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  10. harolds

    harolds Member

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    Hollow charge shells are effective IF they can be detonated at the right distance from the target surface AND while (more or less) perpendicular to the target surface. The problem firing them from cannons is that the shell's rotation tends to dissipate the explosive jet.
     
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  11. RichTO90

    RichTO90 Well-Known Member

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    Terry, the second Isigny test was 19-21 August and was just of the 17-pdr and 76mm, the former with AP and Sabot and the latter with APC and HVAP. The first Isigny test was 12-30 July, testing:

    Launcher, Rocket, AT, 2.36″ – Rocket, AT, 2.36″, M6A1
    Launcher, Grenade, M8 – Grenade, AT, M9A1
    37mm Gun, M6, Mounted on Light Tank, M5A1 – APC M51
    40mm Gun, M1, AA – AP M58
    57mm Gun, M1 (ATG) – APC M86, and Sabot
    75mm Gun, M3, mounted on Medium Tank, M4 – APC M61 and HEAT M66 (Special)
    3-inch Gun, M5, mounted on Motor Carriage, M10 – APC M62 with BDF M66A1, and AP M79
    90mm Gun, M1A1, AA – AP M77
    105mm Howitzer, M4, mounted on Medium Tank, M4 – HEAT M67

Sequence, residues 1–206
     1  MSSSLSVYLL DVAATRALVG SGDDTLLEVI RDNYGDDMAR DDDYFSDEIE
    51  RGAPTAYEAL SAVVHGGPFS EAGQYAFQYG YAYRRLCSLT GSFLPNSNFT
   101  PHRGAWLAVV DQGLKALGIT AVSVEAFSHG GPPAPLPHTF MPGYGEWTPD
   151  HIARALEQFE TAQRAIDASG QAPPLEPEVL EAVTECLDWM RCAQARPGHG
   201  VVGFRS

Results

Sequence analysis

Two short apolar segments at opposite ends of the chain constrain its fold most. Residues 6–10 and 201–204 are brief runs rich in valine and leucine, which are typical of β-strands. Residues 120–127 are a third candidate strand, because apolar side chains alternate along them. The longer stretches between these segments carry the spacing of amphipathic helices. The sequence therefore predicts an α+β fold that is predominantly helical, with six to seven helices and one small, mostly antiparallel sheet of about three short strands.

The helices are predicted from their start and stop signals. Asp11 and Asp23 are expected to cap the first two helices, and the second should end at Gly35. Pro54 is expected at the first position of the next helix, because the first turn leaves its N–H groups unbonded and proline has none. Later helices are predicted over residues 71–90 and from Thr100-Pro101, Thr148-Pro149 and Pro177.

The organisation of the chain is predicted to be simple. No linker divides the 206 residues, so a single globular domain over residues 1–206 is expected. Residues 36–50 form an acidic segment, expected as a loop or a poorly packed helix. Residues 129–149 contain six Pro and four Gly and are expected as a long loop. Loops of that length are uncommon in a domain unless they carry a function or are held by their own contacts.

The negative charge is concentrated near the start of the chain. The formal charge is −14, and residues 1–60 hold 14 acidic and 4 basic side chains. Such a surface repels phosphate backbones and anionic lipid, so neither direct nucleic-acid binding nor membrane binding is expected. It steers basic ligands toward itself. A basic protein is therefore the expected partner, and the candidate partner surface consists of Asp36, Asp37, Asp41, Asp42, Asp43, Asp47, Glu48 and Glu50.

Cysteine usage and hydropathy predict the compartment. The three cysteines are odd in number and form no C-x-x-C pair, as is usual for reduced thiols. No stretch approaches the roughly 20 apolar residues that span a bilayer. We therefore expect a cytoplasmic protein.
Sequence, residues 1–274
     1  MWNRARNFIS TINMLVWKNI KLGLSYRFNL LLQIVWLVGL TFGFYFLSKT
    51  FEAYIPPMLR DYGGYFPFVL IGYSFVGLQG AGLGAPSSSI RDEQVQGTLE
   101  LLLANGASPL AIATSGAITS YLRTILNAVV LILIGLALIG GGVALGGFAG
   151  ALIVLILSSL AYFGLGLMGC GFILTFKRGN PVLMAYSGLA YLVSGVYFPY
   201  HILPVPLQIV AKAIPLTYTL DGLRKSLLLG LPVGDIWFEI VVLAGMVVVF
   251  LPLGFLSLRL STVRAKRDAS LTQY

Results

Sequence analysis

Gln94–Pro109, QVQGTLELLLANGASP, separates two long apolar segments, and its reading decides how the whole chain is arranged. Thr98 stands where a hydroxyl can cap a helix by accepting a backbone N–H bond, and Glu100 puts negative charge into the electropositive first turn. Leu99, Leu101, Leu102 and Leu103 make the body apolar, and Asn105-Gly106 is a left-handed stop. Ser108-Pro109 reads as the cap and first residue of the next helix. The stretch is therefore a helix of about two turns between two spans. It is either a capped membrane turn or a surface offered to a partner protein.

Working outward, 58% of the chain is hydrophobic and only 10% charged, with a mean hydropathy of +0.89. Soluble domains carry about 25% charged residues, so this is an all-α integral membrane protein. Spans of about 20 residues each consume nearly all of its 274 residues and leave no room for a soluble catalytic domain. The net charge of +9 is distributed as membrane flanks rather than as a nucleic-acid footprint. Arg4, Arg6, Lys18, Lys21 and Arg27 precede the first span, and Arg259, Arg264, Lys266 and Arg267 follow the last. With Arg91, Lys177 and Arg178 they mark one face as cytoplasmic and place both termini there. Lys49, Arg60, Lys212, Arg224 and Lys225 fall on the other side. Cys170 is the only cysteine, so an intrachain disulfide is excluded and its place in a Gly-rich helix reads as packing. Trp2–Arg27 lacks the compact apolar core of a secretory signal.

The findings for 75mm Gun was:

    6) 75mm Gun, M3, mounted on Medium Tank, M4

    a) APC M61 will penetrate the sides and rear of the ‘Panther’ Tank up to 1500 yards. APC M61 at 200 yards will not penetrate the front armor of the ‘Panther’ Tank.

    b) HEAT M66 (Special) will not penetrate the front glacis slope plate at 500 yards (see assumption made in paragraph 1c).

    No, the Marines to my knowledge did not use M66 as a substitute for APC M61. That may be a conflation of Tarawa, where the surviving Medium Tanks M4 on Betio ran out of standard 75m M48 HE and M61 APC for Gun M2 and M3 and substituted 75mm M48 HE for Howitzer M1, M1A1, M2, and M3. The thing is the howitzer complete round is 3.1 inches shorter, so they had to use a stick as a ramrod to get it to seat in the chamber...and the flashback was apparently seriously awesome inside the turret. :D It also reduced accuracy at anything other than very short range, so it would be true desperation to try to do the same with the howitzer's M66 round. M66 was never manufactured for the 75mm gun, because the higher velocity spin severely degraded the penetration.